Skip to main content

A 2014 prediction: Still social, more personal


During the holidays, I sat down with a teenager to find out why his peers are running way from Facebook and embracing sites such as Snapchat. His response was simple: teens don’t want to broadcast their conversations and photos to everyone––especially not to their parents.  They want to talk and share only with the people they want, without leaving a digital “paper” trail.

The reality is that most social media sites have become “public squares”, places where everyone is “friends” of everyone in one way or another, a place where everything we say goes on record. This means that every time we post, we are broadcasting to the “masses” and going on record. 

This is not necessarily a bad thing.  We are social creatures by nature; we like to share with others and look to our community for support.  We want status, which is a basic human need. We have to claim our place in our tribe.  

But there is also a need for intimacy, a feeling of sharing exclusively with the people who are more likely to understand us.  The ones who are not going judge us. We also don’t want to be on record all the time. We are humans, and our emotions often dominate our logic.  This means that we are going to make mistakes and say stupid things that we are likely to regret.


The more we open our networks, the more people we reach, but also the less intimate and relevant our message becomes.  As we cruise toward 2014, our online and offline worlds continue to converge. Just as our “real life” relationships progress toward greater intimacy over time, the progression of our social media networks will naturally evolve into more niche groups that are more close and personal.  

Comments

Popular posts from this blog

The Curse of Advertising Resources

With more platforms, more products and more content who are trying to reach a disengaged audience, it is becoming harder and harder for brands to stand out. Conventional practices are no longer working. People don't watch TV as much as they used to, so they don't see commercials.  They don't click on banner ads. They don't pay attention to billboards ads. And they don't trust brands' messages. Part of the problem is that we are too dependent on traditional ad resources, which limits the realm of our creativity. To thrive in this new environment, we, ironically, need the freedom of a tight brief: what can you do with no budget for mass media?  Or limited marketing communications dollars?  To make a comparison, traditional advertising is a lot like countries and economies that rely on oil. This reliance handicaps innovation. Countries with a vast amount of natural resources tend to have (1) less economic growth and (2) worse development rates than other countrie…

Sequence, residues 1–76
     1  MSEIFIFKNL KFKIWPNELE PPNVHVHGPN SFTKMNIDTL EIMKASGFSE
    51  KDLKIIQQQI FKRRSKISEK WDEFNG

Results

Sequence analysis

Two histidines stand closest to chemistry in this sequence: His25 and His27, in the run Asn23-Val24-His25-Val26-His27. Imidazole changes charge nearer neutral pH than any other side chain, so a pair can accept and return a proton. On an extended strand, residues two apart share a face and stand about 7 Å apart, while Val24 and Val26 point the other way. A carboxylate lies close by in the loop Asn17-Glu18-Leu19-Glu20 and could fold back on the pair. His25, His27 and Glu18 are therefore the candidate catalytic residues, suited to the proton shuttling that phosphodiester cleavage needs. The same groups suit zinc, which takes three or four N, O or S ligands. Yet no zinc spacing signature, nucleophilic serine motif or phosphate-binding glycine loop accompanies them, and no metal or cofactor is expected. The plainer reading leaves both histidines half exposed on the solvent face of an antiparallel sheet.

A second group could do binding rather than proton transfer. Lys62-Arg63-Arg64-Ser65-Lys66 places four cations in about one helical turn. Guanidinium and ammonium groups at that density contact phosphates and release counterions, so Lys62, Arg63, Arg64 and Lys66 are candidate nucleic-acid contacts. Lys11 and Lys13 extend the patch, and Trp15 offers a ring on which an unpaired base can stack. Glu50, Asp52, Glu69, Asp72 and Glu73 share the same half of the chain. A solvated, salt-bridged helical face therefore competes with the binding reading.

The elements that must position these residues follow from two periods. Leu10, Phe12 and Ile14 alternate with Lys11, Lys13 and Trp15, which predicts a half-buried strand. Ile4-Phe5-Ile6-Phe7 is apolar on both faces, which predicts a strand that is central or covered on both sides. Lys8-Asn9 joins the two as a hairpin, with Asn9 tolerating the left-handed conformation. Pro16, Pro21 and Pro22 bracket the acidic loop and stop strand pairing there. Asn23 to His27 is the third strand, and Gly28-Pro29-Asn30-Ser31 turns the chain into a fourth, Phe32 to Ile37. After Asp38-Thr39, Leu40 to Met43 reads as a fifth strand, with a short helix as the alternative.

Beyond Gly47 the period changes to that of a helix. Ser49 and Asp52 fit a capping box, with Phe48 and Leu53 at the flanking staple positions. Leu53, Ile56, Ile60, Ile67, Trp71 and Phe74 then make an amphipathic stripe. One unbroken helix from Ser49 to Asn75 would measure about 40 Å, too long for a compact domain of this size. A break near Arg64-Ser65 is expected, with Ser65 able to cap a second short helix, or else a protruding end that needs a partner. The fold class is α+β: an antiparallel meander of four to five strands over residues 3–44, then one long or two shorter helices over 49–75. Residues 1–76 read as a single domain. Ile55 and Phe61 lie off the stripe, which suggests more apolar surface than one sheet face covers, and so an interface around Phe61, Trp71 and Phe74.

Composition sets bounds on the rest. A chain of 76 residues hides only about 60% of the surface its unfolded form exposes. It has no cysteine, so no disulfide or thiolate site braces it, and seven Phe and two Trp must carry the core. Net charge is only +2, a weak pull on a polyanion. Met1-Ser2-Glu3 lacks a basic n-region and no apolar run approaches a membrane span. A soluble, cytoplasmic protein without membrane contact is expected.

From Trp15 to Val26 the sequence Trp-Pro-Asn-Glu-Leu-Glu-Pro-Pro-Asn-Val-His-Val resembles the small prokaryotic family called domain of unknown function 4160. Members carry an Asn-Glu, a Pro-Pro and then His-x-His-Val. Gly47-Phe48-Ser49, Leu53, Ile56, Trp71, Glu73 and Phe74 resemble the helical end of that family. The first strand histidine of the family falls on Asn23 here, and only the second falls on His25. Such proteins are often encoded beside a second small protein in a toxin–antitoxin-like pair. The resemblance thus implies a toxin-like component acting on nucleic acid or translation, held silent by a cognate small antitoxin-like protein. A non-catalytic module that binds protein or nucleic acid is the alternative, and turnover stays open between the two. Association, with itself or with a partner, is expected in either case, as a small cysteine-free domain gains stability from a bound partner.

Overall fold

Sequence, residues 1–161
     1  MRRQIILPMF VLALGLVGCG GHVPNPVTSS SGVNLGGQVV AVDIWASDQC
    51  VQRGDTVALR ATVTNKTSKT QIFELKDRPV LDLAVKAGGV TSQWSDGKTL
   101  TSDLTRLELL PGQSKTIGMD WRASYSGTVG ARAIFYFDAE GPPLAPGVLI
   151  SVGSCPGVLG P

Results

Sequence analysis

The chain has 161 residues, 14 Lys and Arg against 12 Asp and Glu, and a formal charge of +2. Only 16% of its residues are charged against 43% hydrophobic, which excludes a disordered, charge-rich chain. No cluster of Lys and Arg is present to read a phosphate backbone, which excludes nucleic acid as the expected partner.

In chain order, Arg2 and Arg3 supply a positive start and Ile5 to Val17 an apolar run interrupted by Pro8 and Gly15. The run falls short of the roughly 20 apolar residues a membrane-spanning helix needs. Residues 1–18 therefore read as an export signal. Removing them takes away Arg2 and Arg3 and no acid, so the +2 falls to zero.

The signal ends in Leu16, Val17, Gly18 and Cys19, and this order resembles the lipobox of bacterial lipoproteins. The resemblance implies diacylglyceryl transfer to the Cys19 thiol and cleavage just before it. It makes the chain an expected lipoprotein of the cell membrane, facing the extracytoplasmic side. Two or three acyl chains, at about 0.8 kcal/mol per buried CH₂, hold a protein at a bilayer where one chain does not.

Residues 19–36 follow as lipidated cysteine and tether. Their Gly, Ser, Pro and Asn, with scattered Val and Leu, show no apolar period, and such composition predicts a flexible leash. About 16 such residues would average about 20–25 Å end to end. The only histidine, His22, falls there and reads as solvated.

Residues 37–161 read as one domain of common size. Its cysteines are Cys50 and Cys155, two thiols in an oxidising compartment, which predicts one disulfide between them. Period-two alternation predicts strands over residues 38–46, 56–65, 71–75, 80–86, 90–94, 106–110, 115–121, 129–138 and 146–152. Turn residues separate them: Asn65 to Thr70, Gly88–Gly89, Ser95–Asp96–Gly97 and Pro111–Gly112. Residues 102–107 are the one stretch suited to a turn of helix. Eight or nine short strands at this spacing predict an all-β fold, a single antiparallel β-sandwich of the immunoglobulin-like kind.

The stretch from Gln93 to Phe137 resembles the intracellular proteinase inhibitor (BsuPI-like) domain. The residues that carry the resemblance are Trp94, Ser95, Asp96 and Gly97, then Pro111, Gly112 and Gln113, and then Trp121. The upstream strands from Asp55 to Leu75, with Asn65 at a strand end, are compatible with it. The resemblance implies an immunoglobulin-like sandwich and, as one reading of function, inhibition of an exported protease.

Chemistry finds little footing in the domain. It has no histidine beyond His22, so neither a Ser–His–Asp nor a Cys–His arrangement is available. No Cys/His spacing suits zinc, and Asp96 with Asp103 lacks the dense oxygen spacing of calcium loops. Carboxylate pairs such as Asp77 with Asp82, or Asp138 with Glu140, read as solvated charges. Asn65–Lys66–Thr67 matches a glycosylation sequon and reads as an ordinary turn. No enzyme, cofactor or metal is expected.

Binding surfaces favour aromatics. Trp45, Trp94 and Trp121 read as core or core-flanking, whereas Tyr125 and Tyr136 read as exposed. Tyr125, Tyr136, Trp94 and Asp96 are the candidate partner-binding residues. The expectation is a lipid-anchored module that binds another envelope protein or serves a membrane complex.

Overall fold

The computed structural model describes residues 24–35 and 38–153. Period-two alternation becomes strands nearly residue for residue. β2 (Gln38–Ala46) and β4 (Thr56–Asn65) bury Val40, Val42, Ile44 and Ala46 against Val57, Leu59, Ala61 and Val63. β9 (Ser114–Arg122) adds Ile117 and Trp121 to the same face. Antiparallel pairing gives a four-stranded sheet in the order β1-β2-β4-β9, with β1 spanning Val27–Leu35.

The Irrational Power of Nudge Brands

Nudge brands are brands built on interactions, not attitudes. They are mostly defined by experiences, not TV campaigns. They are designed around people's inconsistencies and errors, not for machines. They are simple, not complex. They like to break things into small chunks that are less daunting than big tasks. They focus on changing behavior, not generating awareness and interest. The Paris metro system card is a nudge brand. It is designed against human errors. You can use the card in any direction. IKEA is a nudge brand. It uses the power of personal investment. The more involved people are in creating something, the better they feel about the end product. Ryanair is a nudge brand. It chunks the whole purchase process. They lock you in with a low 'seat price' first to get a mental commitment. Then, they start to add the extra charges in bite-sized 'chunks.' Hare Krishna is a nudge brand. It is built on the reciprocity rule by giving away daisies. People should …

The Irrational Challenger

Today, irrational is the new normal. People want products and services that break conventions and defy social norms. They have expectations that don't fit the traditional business model and feel irrational. However, they are very real and have created an irrational economy with irrational challengers. To thrive in this new playing field, business needs to be human, irrational. Think about it. Having a concierge to run our weekly errands for $99 month. Alfred. Ordering a healthy and delicious meal ready-to-eat under 7 minutes delivered at your door the next day. Hungryroot. Booking unlimited blowout appointments at salons in Manhattan for just $99 a month. Vive. (A typical blowout cost $40 to $90 inNew York City.) Renting a room on a month-to-month basis without going through the traditional methods of verifying applicants (e.g., two years of tax returns as proof of income).